As a solution architect, I need to present solutions to my customers and convince them of the value of the offering. One of the most powerful tools to persuade customers are demonstrations. They help show the customer how the product works in reality and helps them discover all the faces of what they may buy.
Of course, Murphy ’s Law often kicks in. Mark Gibbs put it well:
“No matter how slick the demo is in rehearsal, when you do it in front of a live audience the probability of a flawless presentation is inversely proportional to the number of people watching, raised to the power of the amount of money involved.”
But here are a few do’s and don’ts that I think make sense to make the most out of your demo time with your customer :
1) Know your audience
First thing to do : research who is going to attend your demonstration. First, because the technical level of the session may differ completely, depending on who is attending. An administrator will be interested in bits and bytes stories, a CIO won’t. To make a good use of your (and the audience’s) time, figure out first if they will understand what you will be saying.
Use one card or the other depending on who you are talking to.
2) Explain the main advantage of the solution
Don’t just dive right into the demo if the audience has no background on the technology. When the customer is in front of you, describe the demo environment and briefly explain the basic concepts of the technology, so that everyone in the audience is on the same page. You may want to use PowerPoint slides, a whiteboard, or even a simple speech to carry the message over. End by linking the capabilities of the technology with the advantages this solution brings to the customer. Make sure that these advantages are then clearly highlighted during your demo to make it even more powerful.
3) Explain the overall goal of the demo
One day, I was doing a demo when the customer told me after ten minutes “I am sorry, what are you doing right now?”. I had obviously got it wrong. I hadn’t explained the overall goal of the demo and the customer was completely lost by the actions I was showing.
Tell the customer before you start what the outcome of the demonstration will be. For instance, if demonstrating the capabilities of the HP BladeSystem Matrix, you can say “This demo will show you the automated deployment of a complete IT service – servers, storage, networking, OS and application”. If there are intermediary goals, don’t hesitate to explain them too. Again, here, you can use a PowerPoint slide or a flip chart to list all the important actions you will make and tick them off as you go along, so that the customer understands at which step we are at.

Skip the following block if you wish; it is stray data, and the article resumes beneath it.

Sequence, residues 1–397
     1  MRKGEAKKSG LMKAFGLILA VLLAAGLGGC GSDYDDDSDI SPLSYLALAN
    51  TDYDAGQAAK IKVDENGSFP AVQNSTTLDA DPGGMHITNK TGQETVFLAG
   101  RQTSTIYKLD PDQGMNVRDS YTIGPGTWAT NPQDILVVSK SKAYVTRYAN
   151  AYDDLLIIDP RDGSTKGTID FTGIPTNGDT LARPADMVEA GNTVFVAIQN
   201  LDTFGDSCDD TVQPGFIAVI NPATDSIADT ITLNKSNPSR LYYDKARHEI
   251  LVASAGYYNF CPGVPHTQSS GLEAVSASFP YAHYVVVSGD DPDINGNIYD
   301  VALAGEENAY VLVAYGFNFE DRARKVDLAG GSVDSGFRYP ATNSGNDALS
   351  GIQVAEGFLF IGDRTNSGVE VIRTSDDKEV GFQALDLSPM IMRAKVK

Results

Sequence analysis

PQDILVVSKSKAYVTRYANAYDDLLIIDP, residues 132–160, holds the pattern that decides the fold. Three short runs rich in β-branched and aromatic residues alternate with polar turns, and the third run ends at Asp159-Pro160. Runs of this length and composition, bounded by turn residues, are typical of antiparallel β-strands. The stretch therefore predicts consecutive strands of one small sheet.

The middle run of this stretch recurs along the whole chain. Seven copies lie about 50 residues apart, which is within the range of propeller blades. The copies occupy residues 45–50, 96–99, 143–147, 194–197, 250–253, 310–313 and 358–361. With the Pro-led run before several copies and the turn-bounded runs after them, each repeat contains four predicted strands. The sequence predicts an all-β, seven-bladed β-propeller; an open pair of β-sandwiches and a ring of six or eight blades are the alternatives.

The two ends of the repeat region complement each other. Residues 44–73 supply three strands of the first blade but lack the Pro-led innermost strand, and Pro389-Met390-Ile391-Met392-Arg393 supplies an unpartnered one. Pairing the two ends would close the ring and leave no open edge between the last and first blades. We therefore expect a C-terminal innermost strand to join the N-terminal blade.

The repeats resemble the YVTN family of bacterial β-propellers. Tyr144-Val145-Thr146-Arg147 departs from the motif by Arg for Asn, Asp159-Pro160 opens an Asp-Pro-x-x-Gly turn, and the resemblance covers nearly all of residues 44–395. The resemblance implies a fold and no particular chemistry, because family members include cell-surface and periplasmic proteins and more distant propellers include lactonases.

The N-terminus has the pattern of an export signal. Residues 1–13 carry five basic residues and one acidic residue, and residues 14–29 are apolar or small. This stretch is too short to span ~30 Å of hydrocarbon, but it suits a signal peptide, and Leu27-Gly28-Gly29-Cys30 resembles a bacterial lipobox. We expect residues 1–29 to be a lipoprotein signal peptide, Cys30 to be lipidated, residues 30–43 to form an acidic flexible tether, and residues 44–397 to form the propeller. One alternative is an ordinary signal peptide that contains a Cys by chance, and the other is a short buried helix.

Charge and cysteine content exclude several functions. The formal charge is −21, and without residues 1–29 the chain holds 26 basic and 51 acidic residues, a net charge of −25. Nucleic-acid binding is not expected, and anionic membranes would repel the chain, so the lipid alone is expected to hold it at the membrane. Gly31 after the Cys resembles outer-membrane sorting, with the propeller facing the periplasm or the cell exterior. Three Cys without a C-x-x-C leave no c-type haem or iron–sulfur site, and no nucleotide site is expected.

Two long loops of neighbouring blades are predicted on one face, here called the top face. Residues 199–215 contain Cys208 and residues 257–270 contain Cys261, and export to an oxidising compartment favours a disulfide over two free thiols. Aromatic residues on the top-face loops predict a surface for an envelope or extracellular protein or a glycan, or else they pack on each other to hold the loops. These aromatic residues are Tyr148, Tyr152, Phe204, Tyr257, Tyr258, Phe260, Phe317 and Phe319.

4) Explain each relevant step of the demo
Referring back to point 1), highlight the points which will be interesting for your audience. The administrators may be interested in knowing how things work, hence, don’t hesitate to give the exact description of what you are doing. When I have high-level customers, such as CxOs, I do not explain every technical action I take: they are, in general, not really interested in knowing the technical details. However, if there is anything that brings a business value, such as the capability to charge business users for the IT services they request, I try to emphasize that to them as much as possible.
5) Regularly ask if the audience is following
Regularly ask your customers if everything you are showing is clear. First, it will keep them engaged, and second, it will help you to answer their questions much more easily . It is simpler to
answer a question about e.g. “What happens to the IP address now?” than “What happened to the IP address ten minutes ago when you clicked on the IP button” . Ask the customer regularly if they are following you.
6) Finish with an acknowledgement from the customer
When you are done with the demo, conclude by summing up what you just did. Refer to the previous points by stating the overall goals of the demo and how they relate to the main advantages of the solution. For example, if you mentioned that your servers could save money to the customer, state the points to the customer that you showed him that will, for example, lower his energy bill.
Finally, try to get an idea of the customer’s enthusiasm level after you are done. For the solution I presented, I like to ask a question like “how do you see this fitting into your environment?”. Since it is an open ended question, it forces them to think about the current state of their environment and visualize how what you demonstrated would fit in. This can make a big impact on how likely they are to invest in your solution. It’s like when you go to a furniture store to buy a new recliner. The sales guy runs through all the features – the different vibration settings, seat warmer, built in refrigerator etc. but unless you can see it in front of the TV in your living room with you in it, you are less likely to buy it.
All in all, I think that these six steps are key to do an effective demonstration to customers. If it helped you make your customers happy, or if you have your own tips, do let me know in the comments below!